Hello and welcome back to my blog! As mentioned in my previous blog post and as told in the title, this is a part two of my first impressions when I visited Haw River State Park for the first time. I gave background as to why and what and how in the first blog post (and you should read that one first), so we are just gonna dive right into more of my first impressions of my visit.
Although I did not see very much wildlife for the short time I was at Haw River, I did see a lot of trees. I mean a lot. There were tall trees, short trees, thick trees, thin trees. Some bare trees, some leafy trees. Fallen trees, upright trees. For the moment you have all been waiting for, I will attempt to describe these trees to you. By the end of this project, I will know their official names and other specifics, but for now, enjoy these descriptions.
Tree 1 (Webby Tree): These kinds of trees were very abundant across the park. They had lots and lots of branches that looked like a spider web and they were very tall. Additionally, some of these trees had those spikey ball things that I would hate to step on barefooted. You know which ones I am talking about, right?
Tree 2 (Green-leafed Tree): Not a very descriptive name, but these trees are difficult to describe. They had green leaves, but not “typical” leaves; the leaves were more hair-like. These trees were mixed in with the Webby Trees.
Tree 3 (Big Lake Trees): These trees were on the side of the lake where the sun rises. There was a huge abundance of them crowded together and they had lots of green leaves, from what I could tell. I assume they were evergreens, but I only know so much about trees.
Tree 4 (White Petal Tree): These trees were some of the tallest trees I had seen at the park. Towards the top of the tree, at the end of the branches, there were “white, petal like looking things on it.” (That came straight from my observation notes.)
Tree 5 (Red Petal Tree): Similar to the White Petal Tree, this tree was tall and located amongnst a mix of other unique trees. However, instead of white petals at the end of the branches, red buds grow out of the branches at the top.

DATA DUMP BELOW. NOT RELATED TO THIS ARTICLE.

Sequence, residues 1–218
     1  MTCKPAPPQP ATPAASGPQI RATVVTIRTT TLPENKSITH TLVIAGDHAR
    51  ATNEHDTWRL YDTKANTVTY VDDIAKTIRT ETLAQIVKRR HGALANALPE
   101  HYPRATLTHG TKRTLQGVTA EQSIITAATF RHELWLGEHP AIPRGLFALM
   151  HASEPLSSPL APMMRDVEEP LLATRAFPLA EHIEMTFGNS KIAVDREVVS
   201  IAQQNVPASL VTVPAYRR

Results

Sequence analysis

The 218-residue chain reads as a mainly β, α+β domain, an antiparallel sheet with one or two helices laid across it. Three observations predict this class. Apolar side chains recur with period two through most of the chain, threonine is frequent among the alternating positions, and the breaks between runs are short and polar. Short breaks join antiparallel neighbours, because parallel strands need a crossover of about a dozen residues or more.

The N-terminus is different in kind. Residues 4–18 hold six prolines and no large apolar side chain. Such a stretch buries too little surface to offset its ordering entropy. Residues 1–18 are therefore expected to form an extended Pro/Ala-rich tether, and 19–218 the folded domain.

Extra Tree Comments: Not about naming or describing a tree, but I noticed two trees that looked black almost. I will have to investigate this more upon my next visit as to why they look like that. As mentioned, I am no conifer connoisseur, however I have never seen or heard of black trees.
Note: I apologize for the lack of pictures in this particular blog post. I was trying to focus on the actual aspects of nature, not taking pictures of it. And frankly, my camera was not working very well, making it time-consuming and inefficient to take photos. I hope this one photo I got and my vivid descriptions will suffice until next time.
Another big aspect of my visit was water. There was a big body of water, what I would assume to be a lake. The water was stagnant and murky–definitely not someplace I would want to swim at. Upon further inspection, the water was in fact moving, ever-so-slightly. There were little ripples and movements within the water. In the lake, two trees had fallen parallel to each other. At first, it looked like a reflection of the trees in the water, but in fact, the trees had fallen oh-so-perfectly in the water.
Back to the earth, to the terrain. There were lots of different levels of terrain: high, low, and even lower. While exploring this “even lower” terrain, I stumbled upon another body of water. This time it was a little creek, if you could call it that. In reality, it looked like it had either lost a lot of water or it was formed by excess rainwater. The water moved a little bit faster than the water of the lake, but it still seemed pretty stagnant. The aquatic life and terrestrial life come together as I witness a fallen tree laid out over the creek. Additionally, I can see the roots exposed from another tree nearby the creek.
To end my exploration, I sit on the edge of the lake, across from the sun. I can feel the heat of the sun, like an extra layer of warmth to comfort me on this chilly February day.
My next mission will be to learn more about the history of Haw River and the scientific names of those trees I described earlier.